New To Blu: He'll Save Every One of Us: Life After Flash (2017) Reviewed

Perhaps one of the greatest science fiction action films of the '80s, the Sam J. Jones starring film, Flash Gordon was an update of the classic character that failed to bank at the box office and had a split reaction among fans. Coming on the tails of the first Star Wars, the studio hoped to have a major blockbuster on their hands, but the release of The Empire Strikes Back the same year had a cold effect on any serious box office returns. Funny enough, the original Flash Gordon serials were one of George Lucas' biggest influences when launching the adventures of Luke Skywalker and his galaxy bound band of humanoids and aliens. 

Years later, Mike Hodges' Flash Gordon would go on to gain a massive cult following as it features one of the best rock soundtracks of all time and a core story about heroics against the most evil of villains, Ming the Merciless. As a modernized version, this version of Flesh sexualized the plot, took broad strokes to be as camp as possible, and injected a cool amount of humor into a movie that could have been way too self serious. Instead, the relaunched Flash broke the mold, turning him into a boyish hero with a heart of gold, that just wants to save Earth from destruction while falling in love with his new companion, Dale Arden but wouldn't mind some side action from Ming's seductress daughter. 

Now, the tale of life after Flash Gordon has made its way to blu-ray and we've finally had the time to check out this history lesson on one of our favorite movies from the decade. Rife with cast interviews, discussions with Brian May of Queen, and side characters that indulge in their appreciation of Flash, this documentary is a true mixed bag of greatness, sadness, and self awareness that's ultimately a tad bit annoying. Sliding over the rails in the third act, Life After Flash is like awesome foreplay that leads to really bad sex. 

Life After Flash starts out strong with a fully realized story on how the updated Flash Gordon came to be. The actors indulge in hilarious stories about producer Dino De Laurentis and revel in the fun they had getting ready to shoot the film. But over time, the laughter turns to sadness as main star Sam J. Jones recalls a troublesome production, his ousting from the project, the eventual voice over that would replace his own vocal personality, and the emotional crash that would leave him on the outskirts of Hollywood success. Then the film turns another strange corner and is tainted with the taste of motivational speeches and religious rumblings. At this point, my brain began to tune out. What started out SO strong, turned into sheer boredom and shoulder patting that just doesn't fit the context of what nostalgia hungry fans want to see and hear.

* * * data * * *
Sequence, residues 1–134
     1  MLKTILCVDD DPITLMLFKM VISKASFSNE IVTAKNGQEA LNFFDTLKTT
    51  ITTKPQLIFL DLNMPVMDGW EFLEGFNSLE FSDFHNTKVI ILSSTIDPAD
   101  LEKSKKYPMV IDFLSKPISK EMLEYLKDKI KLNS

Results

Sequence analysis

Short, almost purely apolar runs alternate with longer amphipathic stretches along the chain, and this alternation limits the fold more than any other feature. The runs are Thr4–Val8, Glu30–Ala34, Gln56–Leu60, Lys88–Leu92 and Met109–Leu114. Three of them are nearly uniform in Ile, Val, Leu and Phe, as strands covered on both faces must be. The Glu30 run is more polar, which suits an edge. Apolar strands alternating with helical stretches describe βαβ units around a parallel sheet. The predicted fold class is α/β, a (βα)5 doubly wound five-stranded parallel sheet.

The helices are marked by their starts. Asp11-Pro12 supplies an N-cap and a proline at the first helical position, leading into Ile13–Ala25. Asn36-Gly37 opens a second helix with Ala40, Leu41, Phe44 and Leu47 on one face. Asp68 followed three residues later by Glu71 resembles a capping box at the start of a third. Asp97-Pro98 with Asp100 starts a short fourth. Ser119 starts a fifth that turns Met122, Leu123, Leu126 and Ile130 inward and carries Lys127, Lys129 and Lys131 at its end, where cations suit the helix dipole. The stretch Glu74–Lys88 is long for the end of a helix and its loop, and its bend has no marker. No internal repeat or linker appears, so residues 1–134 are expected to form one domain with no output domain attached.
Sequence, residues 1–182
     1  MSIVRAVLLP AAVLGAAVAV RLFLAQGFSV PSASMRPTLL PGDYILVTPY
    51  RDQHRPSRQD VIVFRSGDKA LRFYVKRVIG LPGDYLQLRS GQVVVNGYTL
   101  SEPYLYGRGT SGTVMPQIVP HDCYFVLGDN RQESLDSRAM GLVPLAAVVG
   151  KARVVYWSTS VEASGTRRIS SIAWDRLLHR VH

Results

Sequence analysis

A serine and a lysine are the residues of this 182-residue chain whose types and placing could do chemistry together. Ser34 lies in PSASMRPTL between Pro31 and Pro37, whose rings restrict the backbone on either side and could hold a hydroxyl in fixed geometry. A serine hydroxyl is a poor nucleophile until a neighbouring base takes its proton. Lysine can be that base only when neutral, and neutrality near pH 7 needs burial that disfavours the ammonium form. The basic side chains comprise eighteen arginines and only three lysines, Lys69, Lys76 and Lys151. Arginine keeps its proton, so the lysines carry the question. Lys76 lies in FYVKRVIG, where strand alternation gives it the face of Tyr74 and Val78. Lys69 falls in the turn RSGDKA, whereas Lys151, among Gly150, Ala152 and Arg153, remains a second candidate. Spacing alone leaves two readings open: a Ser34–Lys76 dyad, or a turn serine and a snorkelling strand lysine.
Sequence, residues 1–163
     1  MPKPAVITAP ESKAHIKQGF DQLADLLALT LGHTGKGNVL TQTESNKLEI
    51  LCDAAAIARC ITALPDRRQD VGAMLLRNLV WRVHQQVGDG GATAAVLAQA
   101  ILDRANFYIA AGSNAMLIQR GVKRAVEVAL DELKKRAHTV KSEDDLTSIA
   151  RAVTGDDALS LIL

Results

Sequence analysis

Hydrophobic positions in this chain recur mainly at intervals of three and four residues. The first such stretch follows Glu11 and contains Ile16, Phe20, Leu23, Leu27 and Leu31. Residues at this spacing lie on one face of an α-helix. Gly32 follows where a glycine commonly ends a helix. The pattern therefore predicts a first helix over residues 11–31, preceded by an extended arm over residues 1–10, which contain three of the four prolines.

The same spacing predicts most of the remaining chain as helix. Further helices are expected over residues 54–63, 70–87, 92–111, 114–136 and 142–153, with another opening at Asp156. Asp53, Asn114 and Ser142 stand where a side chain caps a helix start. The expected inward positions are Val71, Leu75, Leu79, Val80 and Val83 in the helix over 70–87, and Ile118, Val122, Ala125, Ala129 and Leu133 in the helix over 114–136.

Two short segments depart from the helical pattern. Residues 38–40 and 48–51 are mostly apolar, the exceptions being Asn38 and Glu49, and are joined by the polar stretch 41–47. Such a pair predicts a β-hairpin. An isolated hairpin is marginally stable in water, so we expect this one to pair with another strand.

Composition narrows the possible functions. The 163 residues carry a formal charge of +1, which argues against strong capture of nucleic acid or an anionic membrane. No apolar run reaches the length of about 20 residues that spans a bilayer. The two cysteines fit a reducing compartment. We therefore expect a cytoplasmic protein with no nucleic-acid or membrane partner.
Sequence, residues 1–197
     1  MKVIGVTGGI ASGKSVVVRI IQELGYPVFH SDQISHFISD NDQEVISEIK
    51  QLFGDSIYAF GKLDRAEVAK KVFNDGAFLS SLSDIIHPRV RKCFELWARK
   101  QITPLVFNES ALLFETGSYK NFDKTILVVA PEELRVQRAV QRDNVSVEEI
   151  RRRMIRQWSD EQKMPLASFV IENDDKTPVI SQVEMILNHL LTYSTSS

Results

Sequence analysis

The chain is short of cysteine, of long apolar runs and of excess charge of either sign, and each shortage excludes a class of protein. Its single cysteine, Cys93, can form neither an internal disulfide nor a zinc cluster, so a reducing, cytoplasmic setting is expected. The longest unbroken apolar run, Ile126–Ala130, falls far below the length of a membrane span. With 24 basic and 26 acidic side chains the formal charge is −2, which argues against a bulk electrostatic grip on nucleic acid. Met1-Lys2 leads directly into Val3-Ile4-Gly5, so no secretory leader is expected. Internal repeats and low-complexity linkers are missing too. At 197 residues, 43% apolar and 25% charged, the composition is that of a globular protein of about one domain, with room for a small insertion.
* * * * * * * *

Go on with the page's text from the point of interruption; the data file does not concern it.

More time should have been paid to expanding on Sam's cult status, the comic cons, and how Flash has continued to be a culturally relevant piece of filmmaking that still imparts itself on modern movies. Sure, we get to see what Sam is doing now and quite a few of his friends tell us how he's changed, but the overall product is ultimately a letdown. With 15-20 more minutes of fine detail on the movie itself, this would have been much better. 

Having no previous knowledge of how bad things were during the making of Flash Gordon, this is definitely an eye opening documentary that celebrates the film but also lets us know that everything wasn't perfect. While there are many great moments that will satisfy your need to know, Life After Flash is just mediocre. It's cool getting to see Sam's professional life after the movie and how he rebounded from the dark corridors of depression, but the overall construct of the movie needed much work to really connect with this viewer. 

Life After Flash is out on blu-ray on March 26th. 

-Chris George